Find a Pediatrician

Finding a pediatrician that meets your family's needs can be challenging, but it is a critical step toward making sure your child leads a healthy life. A pediatrician can do everything from prescribing medication to updating immunizations to helping you access specialists for your child. 

Use our map of pediatric providers in Rhode Island to find a doctor who is the right fit for you and your child.

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It is a good idea to find a pediatrician while you are still pregnant. Beginning your search when you are between 28-34 weeks pregnant allows for some time to assess your options, get feedback and reach a conclusion on the pediatrician and practice that is the best fit. It also takes into account the fact that you may deliver earlier than your due date. Studies have shown that committing to a pediatrician early is not only beneficial to you, but also beneficial for the health of your baby. Babies who visit the same pediatrician more than once in their first six months have been shown to be more likely to be on schedule with important health screenings.  

The Hassenfeld Institute provides a comprehensive list and map of pediatric practitioners in Rhode Island.  The map will provide names of providers at the practice, information on the location and details about the practices. Examples of these details include; insurance type they accept, whether they are accepting new patients, languages spoken or translation services etc. We encourage you to use this detailed and easy-to-navigate resource to help select the right pediatrician for you!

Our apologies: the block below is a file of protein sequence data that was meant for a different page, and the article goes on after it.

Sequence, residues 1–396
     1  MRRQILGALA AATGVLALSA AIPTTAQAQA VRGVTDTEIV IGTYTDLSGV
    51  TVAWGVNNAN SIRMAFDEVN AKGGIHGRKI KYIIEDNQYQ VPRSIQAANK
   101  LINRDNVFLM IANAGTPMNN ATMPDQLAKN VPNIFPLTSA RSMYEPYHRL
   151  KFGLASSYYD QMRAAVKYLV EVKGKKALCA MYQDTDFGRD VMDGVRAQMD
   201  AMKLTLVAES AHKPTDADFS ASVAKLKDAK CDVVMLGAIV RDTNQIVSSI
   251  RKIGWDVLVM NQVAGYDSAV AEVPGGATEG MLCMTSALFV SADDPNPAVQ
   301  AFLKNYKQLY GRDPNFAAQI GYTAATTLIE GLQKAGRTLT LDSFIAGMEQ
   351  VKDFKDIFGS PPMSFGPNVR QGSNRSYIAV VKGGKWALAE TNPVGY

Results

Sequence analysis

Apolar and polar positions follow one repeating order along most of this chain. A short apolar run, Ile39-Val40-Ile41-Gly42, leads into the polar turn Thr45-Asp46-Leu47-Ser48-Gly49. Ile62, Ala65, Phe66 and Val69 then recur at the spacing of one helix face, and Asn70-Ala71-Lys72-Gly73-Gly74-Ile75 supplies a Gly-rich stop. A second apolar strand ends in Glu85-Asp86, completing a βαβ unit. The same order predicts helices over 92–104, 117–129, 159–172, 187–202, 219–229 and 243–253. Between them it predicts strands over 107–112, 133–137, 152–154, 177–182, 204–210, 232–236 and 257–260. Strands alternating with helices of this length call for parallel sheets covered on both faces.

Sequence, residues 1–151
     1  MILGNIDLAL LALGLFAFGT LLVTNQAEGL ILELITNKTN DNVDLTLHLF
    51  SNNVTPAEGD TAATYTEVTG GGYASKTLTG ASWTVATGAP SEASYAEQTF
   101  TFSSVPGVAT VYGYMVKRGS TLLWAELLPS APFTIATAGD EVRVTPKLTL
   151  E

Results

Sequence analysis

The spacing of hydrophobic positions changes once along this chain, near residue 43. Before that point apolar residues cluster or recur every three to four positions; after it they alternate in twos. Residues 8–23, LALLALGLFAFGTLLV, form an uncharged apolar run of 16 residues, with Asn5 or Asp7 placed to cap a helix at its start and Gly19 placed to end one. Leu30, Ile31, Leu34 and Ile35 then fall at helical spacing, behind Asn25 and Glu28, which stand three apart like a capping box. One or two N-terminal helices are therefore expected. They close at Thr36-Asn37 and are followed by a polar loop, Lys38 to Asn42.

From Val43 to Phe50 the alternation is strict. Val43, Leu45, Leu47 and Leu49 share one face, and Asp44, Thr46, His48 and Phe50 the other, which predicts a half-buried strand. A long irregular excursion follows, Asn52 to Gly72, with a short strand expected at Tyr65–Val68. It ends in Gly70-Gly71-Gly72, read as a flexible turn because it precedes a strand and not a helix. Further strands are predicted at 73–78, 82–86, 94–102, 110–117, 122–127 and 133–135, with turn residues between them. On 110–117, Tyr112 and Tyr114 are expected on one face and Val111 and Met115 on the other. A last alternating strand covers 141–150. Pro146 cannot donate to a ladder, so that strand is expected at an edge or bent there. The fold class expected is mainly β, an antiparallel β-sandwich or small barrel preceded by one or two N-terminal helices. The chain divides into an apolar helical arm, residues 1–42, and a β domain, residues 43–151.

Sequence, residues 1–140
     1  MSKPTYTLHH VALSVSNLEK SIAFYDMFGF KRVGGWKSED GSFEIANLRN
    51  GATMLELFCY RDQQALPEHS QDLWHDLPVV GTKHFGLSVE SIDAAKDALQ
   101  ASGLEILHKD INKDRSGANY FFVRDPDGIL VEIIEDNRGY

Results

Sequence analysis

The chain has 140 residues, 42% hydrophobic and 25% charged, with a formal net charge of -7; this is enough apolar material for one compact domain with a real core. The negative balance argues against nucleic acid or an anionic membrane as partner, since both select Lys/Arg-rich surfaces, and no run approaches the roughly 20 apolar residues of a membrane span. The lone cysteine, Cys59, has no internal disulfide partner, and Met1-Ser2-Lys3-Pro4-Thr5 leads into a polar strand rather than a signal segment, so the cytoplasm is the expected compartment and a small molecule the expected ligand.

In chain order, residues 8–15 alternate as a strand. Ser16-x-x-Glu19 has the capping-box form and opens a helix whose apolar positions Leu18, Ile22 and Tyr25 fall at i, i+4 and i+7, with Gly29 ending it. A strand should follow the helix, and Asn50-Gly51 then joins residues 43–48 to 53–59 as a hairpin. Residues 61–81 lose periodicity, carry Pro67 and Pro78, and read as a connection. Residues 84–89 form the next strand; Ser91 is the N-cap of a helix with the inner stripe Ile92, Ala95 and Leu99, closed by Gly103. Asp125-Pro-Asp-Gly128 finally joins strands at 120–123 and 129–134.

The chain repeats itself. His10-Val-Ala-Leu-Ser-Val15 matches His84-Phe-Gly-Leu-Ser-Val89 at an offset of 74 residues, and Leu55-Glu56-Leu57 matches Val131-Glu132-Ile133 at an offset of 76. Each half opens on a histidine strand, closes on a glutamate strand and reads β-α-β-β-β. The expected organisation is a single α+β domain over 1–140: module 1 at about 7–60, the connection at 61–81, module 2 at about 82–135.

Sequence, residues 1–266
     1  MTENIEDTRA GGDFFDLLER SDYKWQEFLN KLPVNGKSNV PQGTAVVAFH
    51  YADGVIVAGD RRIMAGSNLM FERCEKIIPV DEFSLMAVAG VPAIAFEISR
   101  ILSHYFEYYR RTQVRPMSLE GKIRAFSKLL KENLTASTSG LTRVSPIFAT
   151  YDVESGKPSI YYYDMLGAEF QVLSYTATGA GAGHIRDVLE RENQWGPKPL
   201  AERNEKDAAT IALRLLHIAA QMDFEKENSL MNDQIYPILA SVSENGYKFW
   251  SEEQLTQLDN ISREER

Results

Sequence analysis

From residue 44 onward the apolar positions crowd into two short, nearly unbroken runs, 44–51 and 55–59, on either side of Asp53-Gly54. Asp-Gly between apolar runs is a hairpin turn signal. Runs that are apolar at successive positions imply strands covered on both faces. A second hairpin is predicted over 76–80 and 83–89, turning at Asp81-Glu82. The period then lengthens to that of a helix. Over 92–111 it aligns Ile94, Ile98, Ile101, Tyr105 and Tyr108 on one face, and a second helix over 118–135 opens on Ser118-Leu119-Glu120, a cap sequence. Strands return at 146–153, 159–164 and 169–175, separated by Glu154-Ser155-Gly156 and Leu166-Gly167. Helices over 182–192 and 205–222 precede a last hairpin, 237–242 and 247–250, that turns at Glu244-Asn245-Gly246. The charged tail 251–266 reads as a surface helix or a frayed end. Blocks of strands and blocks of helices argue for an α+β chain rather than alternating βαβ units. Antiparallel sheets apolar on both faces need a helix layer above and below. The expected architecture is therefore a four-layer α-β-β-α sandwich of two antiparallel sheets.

You can find our map here: 
map of pediatric providers 

Another way to find pediatricians is by asking for referrals from your current doctor or your obstetrician/midwife. Alternatively, you can ask trusted family or friends for recommendations. If you would like to do some research on your own, you can visit the Find a Pediatrician tool on the American Academy of Pediatrics website and browse through their list of board-certified pediatricians. You can also approach a number of institutions for names of doctors in your area. Some examples of these are local medical societies, community or teaching hospitals and major medical centers.



Once you have narrowed down a list of names, it would be a good idea to call each practice to confirm the doctor’s credentials and gain an understanding of office procedures. A doctor’s credentials can include certain key designations that are attached to their name. Firstly, the doctor must have a state license that allows them to practice, as well as have completed medical school and three years of residency. Secondly, it is better if the pediatrician is board-certified. Board-certified pediatricians have completed a range of rigorous exams, which are retaken periodically. Lastly, it is beneficial if a pediatrician is a member of American Academy of Pediatrics (AAP), and has a Fellow of the American Academy of Pediatrics (FAAP) listing, that indicates he/she is a board-certified AAP member. AAP’s list of board-certified physicians is a great resource that can be used to check a pediatrician’s credentials.  These have been outlined in Step 2.  After these questions, if you are happy with the practice, you may be able to schedule an interview with the individual doctor, who can answer further in-depth questions. Talking with the doctor will help you make a fully informed decision as to whether they are the right fit for your child. 

Questions to ask the office:

  • Are the office hours compatible with your work schedule? Do they offer early morning/evening/weekend hours?
  • Who takes phone calls and who can you contact for routine questions?
  • Who takes phone calls when the office is closed?